The strike started with picketing, and workers chained themselves around the facility to block the movement of trucks. When police attacked and the company brought in scabs, the workers fought back physically, but eventually had to move to other tactics, including sabotage. Within three weeks, the workers forced the company to the table and negotiated a modest contract, which led to an explosion of membership.
Since the strike, the union has focused on one-on-one internal organizing, building a rigorous and democratic steward structure, a health and safety committee, and constant political education through its escuela syndical (union school). One focus of education: how to control production to maximize productivity bonuses without providing free labor to the company. Regular mass membership meetings draw 80% of the members and include cultural performances, discussion of workplace activity, and votes on policies, such as how to distribute a newly earned productivity bonus.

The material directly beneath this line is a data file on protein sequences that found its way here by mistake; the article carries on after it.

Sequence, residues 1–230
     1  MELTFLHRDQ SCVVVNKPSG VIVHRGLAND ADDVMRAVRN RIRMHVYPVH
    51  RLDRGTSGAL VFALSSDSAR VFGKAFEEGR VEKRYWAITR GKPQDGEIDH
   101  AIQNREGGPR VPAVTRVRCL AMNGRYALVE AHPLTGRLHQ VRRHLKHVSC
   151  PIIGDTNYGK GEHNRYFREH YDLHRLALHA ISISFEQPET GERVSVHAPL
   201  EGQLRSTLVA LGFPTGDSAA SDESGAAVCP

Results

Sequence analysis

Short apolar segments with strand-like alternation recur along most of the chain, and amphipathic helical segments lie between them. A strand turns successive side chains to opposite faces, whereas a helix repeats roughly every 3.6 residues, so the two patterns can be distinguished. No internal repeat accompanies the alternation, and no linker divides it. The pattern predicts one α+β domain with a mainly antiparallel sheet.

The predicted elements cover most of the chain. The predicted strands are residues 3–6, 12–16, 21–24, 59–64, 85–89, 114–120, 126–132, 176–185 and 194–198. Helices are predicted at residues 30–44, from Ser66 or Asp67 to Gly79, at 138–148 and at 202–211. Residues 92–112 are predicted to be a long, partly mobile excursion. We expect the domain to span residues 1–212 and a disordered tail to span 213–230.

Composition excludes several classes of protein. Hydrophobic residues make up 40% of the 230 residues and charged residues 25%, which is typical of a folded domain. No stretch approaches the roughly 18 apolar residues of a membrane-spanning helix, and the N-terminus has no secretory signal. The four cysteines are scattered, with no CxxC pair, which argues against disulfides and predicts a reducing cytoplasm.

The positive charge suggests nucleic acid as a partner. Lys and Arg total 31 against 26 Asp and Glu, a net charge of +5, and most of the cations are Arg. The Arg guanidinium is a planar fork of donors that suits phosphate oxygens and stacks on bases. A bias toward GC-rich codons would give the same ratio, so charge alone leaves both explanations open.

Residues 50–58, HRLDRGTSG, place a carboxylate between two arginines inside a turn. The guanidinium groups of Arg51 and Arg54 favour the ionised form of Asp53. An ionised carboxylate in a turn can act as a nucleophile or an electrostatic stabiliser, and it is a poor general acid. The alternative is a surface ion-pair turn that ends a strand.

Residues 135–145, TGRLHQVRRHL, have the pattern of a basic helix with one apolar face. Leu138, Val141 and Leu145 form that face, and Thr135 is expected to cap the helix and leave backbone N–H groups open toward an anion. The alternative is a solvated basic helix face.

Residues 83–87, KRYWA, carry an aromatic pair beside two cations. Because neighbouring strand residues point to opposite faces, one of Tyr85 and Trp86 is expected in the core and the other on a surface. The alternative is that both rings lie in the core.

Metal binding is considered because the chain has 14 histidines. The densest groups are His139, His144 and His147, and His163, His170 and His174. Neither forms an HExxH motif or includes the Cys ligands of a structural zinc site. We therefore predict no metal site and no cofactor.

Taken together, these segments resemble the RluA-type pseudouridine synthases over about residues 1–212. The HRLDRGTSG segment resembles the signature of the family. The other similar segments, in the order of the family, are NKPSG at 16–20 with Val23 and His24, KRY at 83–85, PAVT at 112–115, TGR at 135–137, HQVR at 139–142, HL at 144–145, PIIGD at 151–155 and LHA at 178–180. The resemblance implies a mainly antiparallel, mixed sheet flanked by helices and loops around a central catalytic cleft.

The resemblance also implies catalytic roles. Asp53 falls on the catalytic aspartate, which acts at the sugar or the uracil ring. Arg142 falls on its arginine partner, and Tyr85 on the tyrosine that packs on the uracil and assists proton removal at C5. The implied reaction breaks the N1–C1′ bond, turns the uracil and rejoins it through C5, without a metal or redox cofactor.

LTS’s democratic, rank-and-file unionism has led to significant gains, including much higher wages, greater workplace control, and respect and dignity on the job. Virtually all 2,000 workers at the company’s two older warehouses are members, and LTS has helped establish a new union at a third, recently built warehouse.
Walmart Chile retail workers organized differently from their warehouse counterparts. Approximately 80% of retail workers are women, whereas 90% of warehouse workers are men, reflecting a gendered division of labor consciously pursued by retail employers globally. Retailers have positioned women (and men) to attract customers and require them to act out gender norms in providing them services. Bank Muñoz gives several examples of how these gender norms stimulated workplace conflict and motivated worker organizing.
To form their unions, retail workers used a variety of tactics. Workers across Walmart Chile’s Ekono convenience store chain used a strike by 300 workers at 20 stores to get a first contract that included a small wage increase. More important, like the warehouse workers, the strike was a springboard to build the union, which now has more than 1,000 members across dozens of stores.